You have to be sure that the design in SOLIDWORKS won’t be self-intersecting along the curved path. You also don’t want the bends in the member to lose strength because the cross section is distorting. For instance, if you’re using an Angle Iron for the cross-section, which is an L-shape, will the bend in the cross section remain at 90 degrees? Or will bending that section of the member make the angle closer to 100 degrees? How will this change its strength? How will this area interact with other geometry? It’s important to make sure that curved weldment members aren’t compromised as a result of creating custom SOLIDWORKS weldment profiles.

One of the most important geometry considerations is how the weldment members will join together. When you have custom-shaped SOLIDWORKS weldment profiles, it can become increasingly difficult to join them together. This is especially true when you have three or more members meet at a corner or junction in the design. Oftentimes chassis and frames have four to six members joining together at one point in the model. Predicting how these members will join together is important in creating the right weldment profile.

You’ll have to ask yourself some questions: will they join and be fully connected to one another? Are there parts of the cross-section that won’t be able to be welded properly? How will this affect the joint’s strength? Does there need to be space left for plates bolted on or other reinforcing pieces added? If bolts are used to connect them, will there be enough room for them to slide in and be fastened on the other side? Simplifying SOLIDWORKS weldment profiles as best as possible will greatly improve these situations. Whether that’s making the sides of the profile more evenly spaced, using more uniform angles, or using equally-sized curves, getting your weldment members to align properly guarantees your design will perform at its peak.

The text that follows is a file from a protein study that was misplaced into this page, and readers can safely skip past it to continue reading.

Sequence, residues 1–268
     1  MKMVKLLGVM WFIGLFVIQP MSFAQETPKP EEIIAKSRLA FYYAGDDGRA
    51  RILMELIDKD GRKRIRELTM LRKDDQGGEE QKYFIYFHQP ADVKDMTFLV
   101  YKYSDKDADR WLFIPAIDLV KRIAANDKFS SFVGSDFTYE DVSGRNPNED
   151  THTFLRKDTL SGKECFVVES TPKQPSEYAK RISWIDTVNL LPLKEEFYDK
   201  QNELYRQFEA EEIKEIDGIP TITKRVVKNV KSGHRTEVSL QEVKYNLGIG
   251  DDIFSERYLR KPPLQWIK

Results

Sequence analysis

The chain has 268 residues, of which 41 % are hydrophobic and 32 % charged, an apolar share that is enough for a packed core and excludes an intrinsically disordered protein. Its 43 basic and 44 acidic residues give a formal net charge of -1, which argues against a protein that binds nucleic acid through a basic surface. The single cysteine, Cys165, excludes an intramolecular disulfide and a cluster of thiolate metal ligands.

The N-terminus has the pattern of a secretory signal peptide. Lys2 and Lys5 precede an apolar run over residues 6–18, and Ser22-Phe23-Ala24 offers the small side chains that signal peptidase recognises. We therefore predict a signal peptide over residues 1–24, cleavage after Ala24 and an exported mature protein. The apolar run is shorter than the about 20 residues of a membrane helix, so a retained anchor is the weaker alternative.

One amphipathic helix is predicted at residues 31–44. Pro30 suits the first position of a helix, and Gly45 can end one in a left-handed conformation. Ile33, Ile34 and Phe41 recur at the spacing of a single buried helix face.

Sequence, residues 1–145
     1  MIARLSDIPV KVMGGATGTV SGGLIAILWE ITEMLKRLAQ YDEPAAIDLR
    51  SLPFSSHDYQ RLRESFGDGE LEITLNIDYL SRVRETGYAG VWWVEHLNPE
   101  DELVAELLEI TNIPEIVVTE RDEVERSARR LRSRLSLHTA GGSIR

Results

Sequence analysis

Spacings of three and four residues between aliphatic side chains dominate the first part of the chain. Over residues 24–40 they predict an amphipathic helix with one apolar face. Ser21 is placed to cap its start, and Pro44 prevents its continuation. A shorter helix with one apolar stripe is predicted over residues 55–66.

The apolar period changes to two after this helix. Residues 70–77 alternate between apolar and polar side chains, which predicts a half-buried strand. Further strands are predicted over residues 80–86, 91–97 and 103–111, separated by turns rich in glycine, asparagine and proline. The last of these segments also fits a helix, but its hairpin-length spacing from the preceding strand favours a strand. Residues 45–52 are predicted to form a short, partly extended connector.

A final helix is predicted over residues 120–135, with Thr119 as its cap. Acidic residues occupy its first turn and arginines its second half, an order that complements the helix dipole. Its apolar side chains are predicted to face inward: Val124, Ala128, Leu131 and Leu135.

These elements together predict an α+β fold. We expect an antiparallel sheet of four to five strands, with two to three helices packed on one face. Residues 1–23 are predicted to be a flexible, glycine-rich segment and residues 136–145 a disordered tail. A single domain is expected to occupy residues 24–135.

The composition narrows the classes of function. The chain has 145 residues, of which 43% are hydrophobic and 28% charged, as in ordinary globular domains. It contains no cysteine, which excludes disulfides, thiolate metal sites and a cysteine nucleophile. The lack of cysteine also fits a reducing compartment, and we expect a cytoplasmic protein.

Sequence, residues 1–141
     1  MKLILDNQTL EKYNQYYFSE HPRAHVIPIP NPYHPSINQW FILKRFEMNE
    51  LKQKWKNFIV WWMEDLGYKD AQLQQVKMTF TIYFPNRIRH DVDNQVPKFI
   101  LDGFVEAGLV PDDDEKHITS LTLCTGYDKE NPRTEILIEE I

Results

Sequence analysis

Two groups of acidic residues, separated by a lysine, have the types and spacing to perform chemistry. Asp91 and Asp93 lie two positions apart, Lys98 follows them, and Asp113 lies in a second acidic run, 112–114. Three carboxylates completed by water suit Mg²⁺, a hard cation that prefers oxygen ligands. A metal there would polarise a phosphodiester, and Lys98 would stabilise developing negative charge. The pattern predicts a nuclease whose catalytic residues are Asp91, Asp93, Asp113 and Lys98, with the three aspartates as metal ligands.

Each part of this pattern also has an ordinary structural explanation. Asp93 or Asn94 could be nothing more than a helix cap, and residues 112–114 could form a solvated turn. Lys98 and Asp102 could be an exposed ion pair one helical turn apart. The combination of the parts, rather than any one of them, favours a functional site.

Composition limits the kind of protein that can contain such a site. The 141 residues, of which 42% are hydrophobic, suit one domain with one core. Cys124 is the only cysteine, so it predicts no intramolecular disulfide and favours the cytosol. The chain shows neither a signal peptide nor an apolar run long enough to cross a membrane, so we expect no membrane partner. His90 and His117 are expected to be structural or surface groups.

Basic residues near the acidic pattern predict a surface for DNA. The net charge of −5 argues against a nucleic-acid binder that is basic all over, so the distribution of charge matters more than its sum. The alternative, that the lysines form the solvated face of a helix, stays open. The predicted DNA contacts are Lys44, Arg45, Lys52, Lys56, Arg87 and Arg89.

Weldment member strength under loading

Weldment design strength is directly determined by the orientation and sizes of its members. Therefore, creating members that undergo loading and distribute stresses to the proper locations is a critical part of designing a cross-section profile. Not all weldment members are weight bearing, but if you’re designing a structure that experiences significant loading, then you’ll need to make sure it’s strong enough.